JEFFERSON CITY, Mo. — Missouri State Treasurer Eric Schmitt has long been a supporter of tax reform, authoring two of the largest tax cuts in the history of the state. And on Thursday, the State Treasurer will be traveling to Washington, D.C. to share that message with members of the Trump administration.
“In September, I called on Congress to finally fix this problem and put working families first by passing substantive tax reform by the end of the year,” Schmitt said. “I’ll be taking that message directly to Washington, D.C. tomorrow when I meet with senior members of the Trump administration to discuss this issue.”
Schmitt will fly to D.C. on Thursday to discuss the federal tax reform proposals and their impact on the Show-Me State’s economy with members of President Donald Trump’s Cabinet and the National Economic Council (NEC). This all comes as the Senate Finance and House Ways and Means committees move closer to the passage of an update to the federal tax code.
To emphasize how long it’s been since the U.S. has updated that code, Schmitt provided a few examples of what was happening when then-President Ronald Reagan signed off on the largest tax cuts in the history of the nation.
“In 1986, Mike Tyson was the heavyweight champion of the world, and Cyndi Lauper had the number one spot on the Billboard Top 100. Obviously, a lot has changed since then, but inexplicably America’s tax code has not,” Schmitt said. “This lack of action has resulted in a burdensome, complex and overgrown system of taxation that has slowed economic growth, hurt working families, and stood in the way of Missouri opportunity for decades.”
“President Reagan’s 1986 tax reform led to an economic boom, and tax reform delivered in 2017 can have that same impact,” he added. “I know what tax reform will mean to middle-class families because I remember what it meant to our family. It meant we were able to make ends meet a little easier, and that’s a result worth fighting for.”
According to an analysis by the Tax Foundation, either of the tax reform proposals being worked on by the U.S. Congress could result in over 18,000 new jobs in Missouri over a 10-year-period. That same study shows an increase in income for the average Missouri middle-class family to the tune of more than $2,400.
“Though the two chambers are still working out differences, it’s clear that a proposal rooted in the administration’s Unified Framework would mean substantial tax relief for Missouri families,” Schmitt said. “A middle-class family of four in Columbia would get a tax cut of over $1,000. A small business startup here in Jefferson City making $62,000 a year would get a tax cut of $3,000. There are countless examples of families and small business across the state that would see tax relief as a result of these proposals.”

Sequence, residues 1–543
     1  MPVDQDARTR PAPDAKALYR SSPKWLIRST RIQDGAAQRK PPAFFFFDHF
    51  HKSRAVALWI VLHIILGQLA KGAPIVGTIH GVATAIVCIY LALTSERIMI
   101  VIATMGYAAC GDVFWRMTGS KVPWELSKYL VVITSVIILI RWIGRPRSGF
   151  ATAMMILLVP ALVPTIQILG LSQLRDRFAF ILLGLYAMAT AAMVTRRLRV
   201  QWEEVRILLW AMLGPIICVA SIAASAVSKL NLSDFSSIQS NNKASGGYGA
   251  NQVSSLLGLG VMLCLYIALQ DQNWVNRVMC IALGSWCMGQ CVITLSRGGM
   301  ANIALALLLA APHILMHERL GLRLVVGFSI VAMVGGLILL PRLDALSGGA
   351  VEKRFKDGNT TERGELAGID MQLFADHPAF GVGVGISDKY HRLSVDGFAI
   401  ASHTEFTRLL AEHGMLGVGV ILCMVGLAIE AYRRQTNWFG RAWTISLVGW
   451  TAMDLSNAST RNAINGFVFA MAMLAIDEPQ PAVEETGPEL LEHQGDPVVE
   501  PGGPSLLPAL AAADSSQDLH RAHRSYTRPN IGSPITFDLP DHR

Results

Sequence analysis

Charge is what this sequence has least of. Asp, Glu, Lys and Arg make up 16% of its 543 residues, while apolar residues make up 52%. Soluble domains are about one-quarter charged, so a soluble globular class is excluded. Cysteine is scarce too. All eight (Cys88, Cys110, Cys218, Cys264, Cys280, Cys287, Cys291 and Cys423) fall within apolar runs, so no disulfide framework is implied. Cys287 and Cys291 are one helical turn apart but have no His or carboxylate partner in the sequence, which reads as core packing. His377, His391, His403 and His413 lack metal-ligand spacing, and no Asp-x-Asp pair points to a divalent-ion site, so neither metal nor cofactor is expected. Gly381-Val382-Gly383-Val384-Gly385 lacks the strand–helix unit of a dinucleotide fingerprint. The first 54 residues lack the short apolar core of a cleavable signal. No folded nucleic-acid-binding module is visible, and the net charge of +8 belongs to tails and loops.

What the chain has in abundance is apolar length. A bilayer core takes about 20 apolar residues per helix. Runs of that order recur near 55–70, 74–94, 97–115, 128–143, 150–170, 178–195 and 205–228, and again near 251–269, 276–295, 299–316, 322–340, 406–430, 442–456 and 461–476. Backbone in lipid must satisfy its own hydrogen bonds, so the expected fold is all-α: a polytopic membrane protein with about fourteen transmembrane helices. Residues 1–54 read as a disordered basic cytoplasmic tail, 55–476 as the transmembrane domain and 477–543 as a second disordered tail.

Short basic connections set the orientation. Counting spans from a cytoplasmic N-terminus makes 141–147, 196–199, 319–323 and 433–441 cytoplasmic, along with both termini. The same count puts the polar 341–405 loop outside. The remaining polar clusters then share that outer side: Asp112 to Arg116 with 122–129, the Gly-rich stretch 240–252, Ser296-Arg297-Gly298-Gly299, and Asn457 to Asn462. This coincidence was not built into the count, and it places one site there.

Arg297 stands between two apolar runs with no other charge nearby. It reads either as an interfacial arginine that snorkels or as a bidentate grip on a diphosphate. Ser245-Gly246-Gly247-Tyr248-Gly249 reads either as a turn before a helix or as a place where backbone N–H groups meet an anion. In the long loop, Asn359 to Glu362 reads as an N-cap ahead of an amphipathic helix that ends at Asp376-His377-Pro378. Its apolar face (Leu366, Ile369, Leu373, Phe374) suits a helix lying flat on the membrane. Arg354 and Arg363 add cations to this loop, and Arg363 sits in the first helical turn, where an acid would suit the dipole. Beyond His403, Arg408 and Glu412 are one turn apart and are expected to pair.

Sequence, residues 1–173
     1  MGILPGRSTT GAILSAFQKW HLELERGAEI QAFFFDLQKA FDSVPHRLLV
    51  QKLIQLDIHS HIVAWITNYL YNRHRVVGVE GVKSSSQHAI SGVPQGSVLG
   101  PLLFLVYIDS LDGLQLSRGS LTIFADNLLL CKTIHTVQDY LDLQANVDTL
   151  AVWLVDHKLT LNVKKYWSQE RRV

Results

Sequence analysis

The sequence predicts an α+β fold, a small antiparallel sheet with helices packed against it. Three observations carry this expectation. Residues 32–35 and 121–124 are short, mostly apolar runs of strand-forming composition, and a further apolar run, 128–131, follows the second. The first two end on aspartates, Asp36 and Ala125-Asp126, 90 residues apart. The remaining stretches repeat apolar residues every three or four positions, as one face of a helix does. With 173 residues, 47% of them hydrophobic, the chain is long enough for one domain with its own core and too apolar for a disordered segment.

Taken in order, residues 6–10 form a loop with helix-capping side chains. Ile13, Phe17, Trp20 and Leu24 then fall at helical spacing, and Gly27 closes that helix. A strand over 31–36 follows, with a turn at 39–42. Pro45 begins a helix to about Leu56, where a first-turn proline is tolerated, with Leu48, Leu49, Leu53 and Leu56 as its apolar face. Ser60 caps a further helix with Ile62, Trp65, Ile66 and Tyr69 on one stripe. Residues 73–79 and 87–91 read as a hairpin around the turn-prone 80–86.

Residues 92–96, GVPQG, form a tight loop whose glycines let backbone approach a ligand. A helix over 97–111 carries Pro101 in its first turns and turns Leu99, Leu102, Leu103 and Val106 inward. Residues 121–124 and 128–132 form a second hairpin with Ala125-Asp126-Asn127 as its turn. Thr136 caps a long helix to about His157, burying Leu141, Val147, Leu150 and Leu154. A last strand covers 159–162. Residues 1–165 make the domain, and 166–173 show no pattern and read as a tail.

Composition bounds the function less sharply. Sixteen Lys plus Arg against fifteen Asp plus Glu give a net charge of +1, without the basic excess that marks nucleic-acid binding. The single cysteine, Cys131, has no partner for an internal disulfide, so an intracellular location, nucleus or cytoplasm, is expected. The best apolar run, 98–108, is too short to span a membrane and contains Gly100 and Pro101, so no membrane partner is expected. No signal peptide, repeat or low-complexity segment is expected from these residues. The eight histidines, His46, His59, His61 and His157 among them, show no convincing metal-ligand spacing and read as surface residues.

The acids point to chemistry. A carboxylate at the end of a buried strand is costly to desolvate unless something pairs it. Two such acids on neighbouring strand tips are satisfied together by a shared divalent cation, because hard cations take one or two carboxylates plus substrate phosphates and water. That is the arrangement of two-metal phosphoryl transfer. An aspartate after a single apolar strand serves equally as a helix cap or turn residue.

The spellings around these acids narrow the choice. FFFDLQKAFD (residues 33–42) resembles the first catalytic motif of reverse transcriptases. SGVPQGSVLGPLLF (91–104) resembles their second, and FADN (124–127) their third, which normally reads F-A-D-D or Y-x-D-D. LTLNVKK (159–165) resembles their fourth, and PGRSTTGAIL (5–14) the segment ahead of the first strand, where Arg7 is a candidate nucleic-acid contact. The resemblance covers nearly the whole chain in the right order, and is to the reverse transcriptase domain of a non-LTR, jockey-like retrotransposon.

As such, Schmitt argues that passing tax reforms by the end of the year needs to be a top priority for Congress, saying that the time for excuses has passed and that it was “time for Congress to get it done.”
“Tax reform has been relegated to campaign platitudes and wishlists for too long,” Schmitt said.
One of the things most heavily supported by Schmitt is the proposed changes to the 529 college savings plans, like that of the Missouri MOST program, which is administered by Schmitt. Under those changes, it would mean expanded eligibility to K-12 education and apprenticeship programs and allowing the creation of an account for an unborn child. Both plans also would permit the transfer of funds from a 529 account to an ABLE disability savings account.
“These changes would make the program stronger than ever before, lowering costs across the board and make this important savings vehicle available to more Missourians while recognizing the dignity of human life,” Schmitt said. “As both a dad and a 529 administrator, I fully support those measures.”
When asked about concerns of declining revenues in Missouri as a result of the tax reforms, Schmitt said that he thought the impact on the state budget was unknown at this time, a sentiment echoed by the House Budget chair just a day before.
“We really don’t know the ultimate impact, but if you look at it from a more dynamic perspective, you’re allowing Missouri families to keep more of what they’re earning, and I believe that leads to economic growth,” he said.
This story originally appeared on themissouritimes.com